A Classic Zen text written in the 8th century by Hui Hai. He was a student of Ma-tsu and from the same line as Hui Neng, Huang Po and Rinzai (Lin-chi).
Ajahn Sumedho urges us to trust in awareness and find out for ourselves what it is to experience genuine liberation from mental anguish and suffering.
The Short Prajnaparamita Texts were composed in India between 100 BC and AD 600. They contain some of the most well known Buddhist texts such as The Perfection of Wisdom in 700 Lines, The Heart Sutra, and The Diamond Sutra.
Trevor Leggett points to the truth beyond words, beyond explanations and methods.
An easy to follow guide to Buddhist meditation.
Meditations and exercises to help us understand karma and rebirth and to live from the unborn moment.
Stories, parables, and examples pointing to the spiritual implications of practical events in daily life.
Modern practical teachings from an American monk living within one of the oldest Buddhist traditions.
Virtue-parami, which in the Theravada tradition is called nekkhamma, usually translates as ‘renunciation’. Nekkhamma is one of the ten paramis, one of the ten virtues. The other nine are—generosity (dana), morality (sila), wisdom or discernment (panna), energy or right effort (viriya), patience (khanti), truthfulness (sacca), resolute determination (adhitthana), loving-kindness (metta), and equanimity (upekkha).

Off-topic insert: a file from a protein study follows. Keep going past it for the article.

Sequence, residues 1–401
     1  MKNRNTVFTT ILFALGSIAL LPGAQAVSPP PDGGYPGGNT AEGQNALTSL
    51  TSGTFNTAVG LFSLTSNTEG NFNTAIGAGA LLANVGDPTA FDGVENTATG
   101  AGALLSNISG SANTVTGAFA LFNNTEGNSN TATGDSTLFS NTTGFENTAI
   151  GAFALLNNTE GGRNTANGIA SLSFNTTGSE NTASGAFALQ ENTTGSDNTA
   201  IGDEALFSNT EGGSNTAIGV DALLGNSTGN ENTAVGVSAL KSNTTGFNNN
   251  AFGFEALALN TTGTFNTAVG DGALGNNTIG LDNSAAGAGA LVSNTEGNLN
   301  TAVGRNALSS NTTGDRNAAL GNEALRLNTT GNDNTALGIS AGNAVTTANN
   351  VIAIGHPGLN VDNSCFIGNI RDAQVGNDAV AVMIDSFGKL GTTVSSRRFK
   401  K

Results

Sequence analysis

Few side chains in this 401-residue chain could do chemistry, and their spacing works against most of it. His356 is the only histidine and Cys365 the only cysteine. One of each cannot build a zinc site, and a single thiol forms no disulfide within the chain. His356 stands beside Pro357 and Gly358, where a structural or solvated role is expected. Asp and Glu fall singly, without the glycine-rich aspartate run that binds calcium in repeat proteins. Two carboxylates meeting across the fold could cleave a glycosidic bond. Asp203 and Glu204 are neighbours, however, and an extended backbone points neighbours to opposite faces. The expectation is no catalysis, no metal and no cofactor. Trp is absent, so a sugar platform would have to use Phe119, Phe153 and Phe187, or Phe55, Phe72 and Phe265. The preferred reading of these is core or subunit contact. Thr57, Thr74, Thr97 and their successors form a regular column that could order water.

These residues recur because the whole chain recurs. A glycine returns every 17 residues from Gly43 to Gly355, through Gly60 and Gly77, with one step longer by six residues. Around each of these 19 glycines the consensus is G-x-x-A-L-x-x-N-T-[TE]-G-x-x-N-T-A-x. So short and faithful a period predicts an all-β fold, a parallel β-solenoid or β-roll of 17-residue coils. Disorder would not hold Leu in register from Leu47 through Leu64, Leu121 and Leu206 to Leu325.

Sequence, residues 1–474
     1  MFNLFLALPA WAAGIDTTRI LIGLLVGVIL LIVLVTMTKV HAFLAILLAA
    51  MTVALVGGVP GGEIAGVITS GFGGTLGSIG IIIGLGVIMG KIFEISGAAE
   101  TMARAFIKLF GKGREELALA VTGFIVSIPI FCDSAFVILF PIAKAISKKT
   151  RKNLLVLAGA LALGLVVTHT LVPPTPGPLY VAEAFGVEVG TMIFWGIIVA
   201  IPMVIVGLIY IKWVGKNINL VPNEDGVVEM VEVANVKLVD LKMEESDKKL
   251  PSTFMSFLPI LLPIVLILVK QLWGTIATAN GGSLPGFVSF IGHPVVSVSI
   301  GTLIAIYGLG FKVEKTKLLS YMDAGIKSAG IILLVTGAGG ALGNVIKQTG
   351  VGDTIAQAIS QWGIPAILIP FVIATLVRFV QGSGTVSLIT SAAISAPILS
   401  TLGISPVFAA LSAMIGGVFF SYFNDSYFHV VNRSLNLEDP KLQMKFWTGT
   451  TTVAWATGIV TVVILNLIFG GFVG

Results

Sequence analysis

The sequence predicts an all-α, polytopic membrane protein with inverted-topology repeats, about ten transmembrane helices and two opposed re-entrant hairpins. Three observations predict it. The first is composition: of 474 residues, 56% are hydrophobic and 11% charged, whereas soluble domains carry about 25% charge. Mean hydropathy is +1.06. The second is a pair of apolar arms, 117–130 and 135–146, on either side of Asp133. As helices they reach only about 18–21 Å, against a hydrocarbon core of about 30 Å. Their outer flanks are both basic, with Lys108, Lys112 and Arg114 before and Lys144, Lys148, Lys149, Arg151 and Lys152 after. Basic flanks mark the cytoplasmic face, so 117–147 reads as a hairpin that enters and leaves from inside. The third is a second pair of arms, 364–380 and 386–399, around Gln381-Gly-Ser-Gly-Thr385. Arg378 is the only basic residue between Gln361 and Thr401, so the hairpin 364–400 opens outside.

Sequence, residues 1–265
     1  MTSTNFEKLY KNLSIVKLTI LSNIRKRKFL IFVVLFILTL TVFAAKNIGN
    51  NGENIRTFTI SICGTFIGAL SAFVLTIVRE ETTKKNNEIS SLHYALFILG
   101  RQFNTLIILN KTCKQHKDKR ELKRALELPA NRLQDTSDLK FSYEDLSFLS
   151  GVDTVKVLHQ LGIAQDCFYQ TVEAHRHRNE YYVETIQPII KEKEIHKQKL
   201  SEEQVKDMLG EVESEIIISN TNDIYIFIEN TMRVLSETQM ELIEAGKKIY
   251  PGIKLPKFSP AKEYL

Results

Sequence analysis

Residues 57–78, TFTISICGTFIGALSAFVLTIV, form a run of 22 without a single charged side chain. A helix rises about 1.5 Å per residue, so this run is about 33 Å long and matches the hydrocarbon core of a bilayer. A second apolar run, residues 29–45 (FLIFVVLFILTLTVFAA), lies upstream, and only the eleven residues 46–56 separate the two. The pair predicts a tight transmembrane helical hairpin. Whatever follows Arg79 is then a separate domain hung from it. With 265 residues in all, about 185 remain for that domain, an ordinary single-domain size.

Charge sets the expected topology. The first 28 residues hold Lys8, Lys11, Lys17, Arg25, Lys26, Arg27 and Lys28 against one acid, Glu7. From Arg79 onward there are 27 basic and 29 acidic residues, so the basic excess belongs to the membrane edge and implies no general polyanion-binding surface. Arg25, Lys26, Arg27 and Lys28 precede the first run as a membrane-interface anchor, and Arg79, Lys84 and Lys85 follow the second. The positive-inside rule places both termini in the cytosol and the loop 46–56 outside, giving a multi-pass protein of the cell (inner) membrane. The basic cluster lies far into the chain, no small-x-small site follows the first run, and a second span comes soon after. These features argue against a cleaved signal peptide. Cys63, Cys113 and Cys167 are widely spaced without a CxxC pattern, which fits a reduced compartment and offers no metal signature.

On the one hand we have meditation practice—the need to cultivate sitting and walking practice in its strictest form—and on the other hand we have the manifestation of dharma. The ten virtues (paramis) are related to manifesting peace, understanding and loving-kindness. So, there is the formal sitting and walking practice, and through these ten avenues (ten paramis) there is also the cultivation and manifestation of what is of value. I mention the ten paramis, but we are going to talk about only one of them—renunciation (nekkhamma). (more…)
Dhamma [Truth, reality, the Buddha's teaching; dharma (Sanskrit).] allows us to respect all life itself. We recognise that animals have the same pain that we have. Some people think that a dog’s experience of pain—of being kicked, for example—is different from their own. Contemplate that! I don’t really know, not being a dog, but how could it be different? The dog is a conscious and sensitive being. It feels, not only pain, but also the nastiness of that state of mind which just sees a dog as something to abuse. A dog will pick that up along with the physical pain. I’m reflecting now; just contemplating pain and suffering. When you contemplate like this, then you feel an empathy for the suffering of creatures—not just human beings, or not just nice people that you get along with, but even the horrible ones. (more…)
Sometimes, when nothing seems to be going right, we seem to be surrounded — inside and outside — by a pervasive greyness. It hangs over everything like morning mist. It won’t go away and seems to be part of us, because when we are unhappy we have the unfortunate habit of hanging on to those very things that are disturbing us, believing that they are all powerful. Then, from one moment to the next they are gone, often inexplicably and without being pushed. Perhaps the sun came out; perhaps someone we loved dropped in; or perhaps we laughed. Then the heart opens. (more…)
Header photo left to right: Jisu Sunim, DaeHungSa, Korean Son (Zen / Ch'an) Monk, Geshe Tashi Tsering, Jamyang Buddhist Centre, London, and Ajahn Sumedho, Amaravati Buddhist Monastery.
The photo was taken at a BPG Buddhist Summer School in Leicester, England, around 1998 by Gerda Chapuis.